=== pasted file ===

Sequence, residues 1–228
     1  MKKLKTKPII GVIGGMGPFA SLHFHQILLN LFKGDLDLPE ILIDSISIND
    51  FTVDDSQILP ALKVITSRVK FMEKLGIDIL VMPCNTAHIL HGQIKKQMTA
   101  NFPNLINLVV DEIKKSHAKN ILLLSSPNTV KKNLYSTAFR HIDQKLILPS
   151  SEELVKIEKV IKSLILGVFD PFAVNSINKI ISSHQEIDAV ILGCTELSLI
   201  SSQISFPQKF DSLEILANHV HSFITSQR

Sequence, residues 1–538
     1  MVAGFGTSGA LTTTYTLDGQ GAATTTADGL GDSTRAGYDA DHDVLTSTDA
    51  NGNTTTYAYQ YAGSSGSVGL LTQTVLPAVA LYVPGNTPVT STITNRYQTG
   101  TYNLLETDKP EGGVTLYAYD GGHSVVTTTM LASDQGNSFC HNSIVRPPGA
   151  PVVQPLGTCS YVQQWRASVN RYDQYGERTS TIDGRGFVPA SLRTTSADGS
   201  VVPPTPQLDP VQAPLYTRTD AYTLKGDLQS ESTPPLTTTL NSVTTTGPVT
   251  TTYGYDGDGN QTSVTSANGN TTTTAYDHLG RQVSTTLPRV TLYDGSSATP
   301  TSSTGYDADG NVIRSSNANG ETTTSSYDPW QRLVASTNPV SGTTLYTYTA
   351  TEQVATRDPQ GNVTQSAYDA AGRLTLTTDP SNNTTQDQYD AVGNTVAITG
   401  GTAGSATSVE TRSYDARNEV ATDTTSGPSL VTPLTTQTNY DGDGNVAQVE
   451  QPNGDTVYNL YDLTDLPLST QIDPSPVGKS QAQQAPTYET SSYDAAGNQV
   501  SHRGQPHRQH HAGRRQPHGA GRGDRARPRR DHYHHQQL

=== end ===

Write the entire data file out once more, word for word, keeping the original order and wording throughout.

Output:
Sequence, residues 1–228
     1  MKKLKTKPII GVIGGMGPFA SLHFHQILLN LFKGDLDLPE ILIDSISIND
    51  FTVDDSQILP ALKVITSRVK FMEKLGIDIL VMPCNTAHIL HGQIKKQMTA
   101  NFPNLINLVV DEIKKSHAKN ILLLSSPNTV KKNLYSTAFR HIDQKLILPS
   151  SEELVKIEKV IKSLILGVFD PFAVNSINKI ISSHQEIDAV ILGCTELSLI
   201  SSQISFPQKF DSLEILANHV HSFITSQR

Sequence, residues 1–538
     1  MVAGFGTSGA LTTTYTLDGQ GAATTTADGL GDSTRAGYDA DHDVLTSTDA
    51  NGNTTTYAYQ YAGSSGSVGL LTQTVLPAVA LYVPGNTPVT STITNRYQTG
   101  TYNLLETDKP EGGVTLYAYD GGHSVVTTTM LASDQGNSFC HNSIVRPPGA
   151  PVVQPLGTCS YVQQWRASVN RYDQYGERTS TIDGRGFVPA SLRTTSADGS
   201  VVPPTPQLDP VQAPLYTRTD AYTLKGDLQS ESTPPLTTTL NSVTTTGPVT
   251  TTYGYDGDGN QTSVTSANGN TTTTAYDHLG RQVSTTLPRV TLYDGSSATP
   301  TSSTGYDADG NVIRSSNANG ETTTSSYDPW QRLVASTNPV SGTTLYTYTA
   351  TEQVATRDPQ GNVTQSAYDA AGRLTLTTDP SNNTTQDQYD AVGNTVAITG
   401  GTAGSATSVE TRSYDARNEV ATDTTSGPSL VTPLTTQTNY DGDGNVAQVE
   451  QPNGDTVYNL YDLTDLPLST QIDPSPVGKS QAQQAPTYET SSYDAAGNQV
   501  SHRGQPHRQH HAGRRQPHGA GRGDRARPRR DHYHHQQL